Understanding OOP in Java (Classes, Constructors and Objects)

In this first article of the series ‘Understanding Object Oriented Programming in Java’ and in subsequent articles, I’m going to make understanding OOP as painless as possible, by ‘speaking’ in simple terms and code examples in Java. In this article, I assume you have at least, basic knowledge of Java programming. Let’s just get right to it.

Photo by Alvaro Reyes on Unsplash

I’d like to paint a picture of POP against OOP and why we choose OOP as understanding this would provide a line of thought when approaching any OOP problem. The idea behind traditional POP in solving a problem is to break the problem down and solve(code) in a step-by-step approach. Say, we want to create a Bank management software for customers; it’s going to include a signup/login page, details of which would be stored in a database, etc. In POP, we write codes or functions doing all these in chronological order till the end. This looks like a really great idea until you need to design a similar system for admin and employee management, then you need to repeat this process again by writing code for a signup/login page that would store details in a database all over again. It gets really tiring and this is where OOP saves the day; through its state-of-the-art programming model through the use of objects whose contents and behaviors is defined by a class. With OOP, you don’t need to write the same code for the employee management system from the example above, defining classes and creating objects allows you to call and reuse codes to perform recurring functions and save time. Other advantages of OOP is that it makes it easier to spot bugs because your code is organized and you know where to look, flexibility as a defined function can adapt to solve a similar problem(polymorphism) and easy maintenance of your project. The four main pillars of OOP are abstraction, polymorphism, encapsulation and inheritance. I will explain these concepts with examples in this series of articles.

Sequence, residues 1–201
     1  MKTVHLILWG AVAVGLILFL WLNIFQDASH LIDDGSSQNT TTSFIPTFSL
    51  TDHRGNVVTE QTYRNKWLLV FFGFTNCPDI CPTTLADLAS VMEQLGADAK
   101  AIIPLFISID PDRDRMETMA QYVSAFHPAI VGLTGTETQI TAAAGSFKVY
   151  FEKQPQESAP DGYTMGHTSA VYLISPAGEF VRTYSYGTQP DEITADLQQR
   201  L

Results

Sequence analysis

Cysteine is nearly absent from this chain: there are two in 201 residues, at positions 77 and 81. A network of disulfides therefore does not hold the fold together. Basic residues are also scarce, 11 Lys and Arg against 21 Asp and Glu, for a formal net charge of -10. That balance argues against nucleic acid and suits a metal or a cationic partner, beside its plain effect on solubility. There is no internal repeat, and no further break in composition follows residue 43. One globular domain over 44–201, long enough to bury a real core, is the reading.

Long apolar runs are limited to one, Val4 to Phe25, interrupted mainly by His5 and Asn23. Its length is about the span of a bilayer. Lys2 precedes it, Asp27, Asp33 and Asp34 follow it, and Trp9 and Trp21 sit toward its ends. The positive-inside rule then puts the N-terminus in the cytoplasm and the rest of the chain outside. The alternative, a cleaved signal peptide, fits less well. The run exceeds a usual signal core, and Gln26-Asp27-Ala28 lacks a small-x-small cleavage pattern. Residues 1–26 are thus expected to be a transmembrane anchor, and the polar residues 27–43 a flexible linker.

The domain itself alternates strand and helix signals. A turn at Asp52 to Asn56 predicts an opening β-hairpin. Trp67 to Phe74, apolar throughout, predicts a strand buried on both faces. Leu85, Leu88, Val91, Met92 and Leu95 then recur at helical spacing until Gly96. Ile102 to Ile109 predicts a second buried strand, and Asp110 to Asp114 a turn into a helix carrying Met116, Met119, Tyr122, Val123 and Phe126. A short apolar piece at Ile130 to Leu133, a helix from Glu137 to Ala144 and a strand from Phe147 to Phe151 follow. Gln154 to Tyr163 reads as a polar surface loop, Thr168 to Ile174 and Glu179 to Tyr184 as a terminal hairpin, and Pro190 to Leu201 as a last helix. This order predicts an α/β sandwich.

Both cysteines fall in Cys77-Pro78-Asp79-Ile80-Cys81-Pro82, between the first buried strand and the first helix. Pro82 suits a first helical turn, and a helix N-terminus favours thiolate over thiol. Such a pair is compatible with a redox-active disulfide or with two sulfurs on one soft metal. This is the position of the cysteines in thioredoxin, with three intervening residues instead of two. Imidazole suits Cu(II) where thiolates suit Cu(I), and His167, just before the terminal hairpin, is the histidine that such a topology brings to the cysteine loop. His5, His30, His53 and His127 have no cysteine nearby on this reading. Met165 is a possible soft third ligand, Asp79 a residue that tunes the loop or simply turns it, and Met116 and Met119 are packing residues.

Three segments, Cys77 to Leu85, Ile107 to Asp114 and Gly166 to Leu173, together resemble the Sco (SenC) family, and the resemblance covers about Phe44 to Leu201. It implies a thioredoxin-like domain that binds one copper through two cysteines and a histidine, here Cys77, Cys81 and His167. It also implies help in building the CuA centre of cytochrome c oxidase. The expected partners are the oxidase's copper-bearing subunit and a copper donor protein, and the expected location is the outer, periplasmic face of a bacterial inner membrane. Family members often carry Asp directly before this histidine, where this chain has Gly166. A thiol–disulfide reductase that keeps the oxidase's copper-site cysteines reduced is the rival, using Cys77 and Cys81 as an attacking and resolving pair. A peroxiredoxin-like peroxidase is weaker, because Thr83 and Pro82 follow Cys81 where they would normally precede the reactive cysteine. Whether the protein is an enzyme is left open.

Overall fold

Classes are templates/blueprints from which objects are created. They contain set of fields and methods used to define the state and behavior of an object.

A class is defined with the following syntax;

<access modifier> class <name> {
//fields
//methods
}

A class can only have either of two access modifiers: public or default. I will talk more about access modifiers in the next article of this series. An example of a defined class is;

public class Car {
String brand;
double price;
int maxSpeed;
public void changeGear(){
System.out.println("Gear Change");
}
public void turnLeft(){
System.out.println("Left turn");
}
}

Here, the variables brand, price and maxSpeed define the states in this class while the methods changeGear() and turnLeft() define the behaviors in the class Car.

To buttress the meaning of states and behaviors, I’ll use the Car class above as an example. We know what cars are, and we know there are different kinds of cars; what do all cars have in common anyways? brands, prices, plate numbers and so on. They also carry out common functions; they move, accelerate, turn left or right. In this analogy, Car is a general name (class) whether its a Tesla or a Lamborghini, they all have brand names and prices which is known as the ‘state’ of the car and they perform the same function i.e moving aka ‘behaviors’. In reality, softwares also have states and behaviors.

A class can have of 3 different type of variables;

  • Local variable: This is a variable declared and initialized in a method, block or constructor of a class.
  • Instance variable: This is a variable initialized within a class but outside any method, block or constructor. It can be accessed by any method in the class.